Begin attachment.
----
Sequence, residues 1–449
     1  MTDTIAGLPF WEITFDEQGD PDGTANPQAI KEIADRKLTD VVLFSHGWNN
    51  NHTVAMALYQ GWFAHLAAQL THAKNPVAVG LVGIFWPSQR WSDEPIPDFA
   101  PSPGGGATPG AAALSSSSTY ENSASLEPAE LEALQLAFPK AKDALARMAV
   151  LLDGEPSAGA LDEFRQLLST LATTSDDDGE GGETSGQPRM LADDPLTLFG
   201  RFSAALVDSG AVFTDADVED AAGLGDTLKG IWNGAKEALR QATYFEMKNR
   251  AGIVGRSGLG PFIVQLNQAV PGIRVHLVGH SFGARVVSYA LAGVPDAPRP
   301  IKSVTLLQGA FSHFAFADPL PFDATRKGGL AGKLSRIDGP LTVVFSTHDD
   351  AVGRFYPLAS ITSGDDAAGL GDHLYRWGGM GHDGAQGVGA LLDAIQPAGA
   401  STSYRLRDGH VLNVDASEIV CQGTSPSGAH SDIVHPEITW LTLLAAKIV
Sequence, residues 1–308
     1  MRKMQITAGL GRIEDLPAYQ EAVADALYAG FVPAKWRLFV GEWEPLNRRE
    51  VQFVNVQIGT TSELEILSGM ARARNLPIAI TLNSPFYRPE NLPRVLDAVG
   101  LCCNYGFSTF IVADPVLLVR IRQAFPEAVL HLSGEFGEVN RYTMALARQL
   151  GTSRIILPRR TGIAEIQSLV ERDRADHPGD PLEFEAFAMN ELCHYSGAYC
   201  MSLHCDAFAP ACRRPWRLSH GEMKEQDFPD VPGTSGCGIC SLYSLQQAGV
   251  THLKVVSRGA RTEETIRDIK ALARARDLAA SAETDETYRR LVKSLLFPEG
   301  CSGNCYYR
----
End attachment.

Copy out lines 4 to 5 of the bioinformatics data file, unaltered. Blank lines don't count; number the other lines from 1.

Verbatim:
   101  PSPGGGATPG AAALSSSSTY ENSASLEPAE LEALQLAFPK AKDALARMAV
   151  LLDGEPSAGA LDEFRQLLST LATTSDDDGE GGETSGQPRM LADDPLTLFG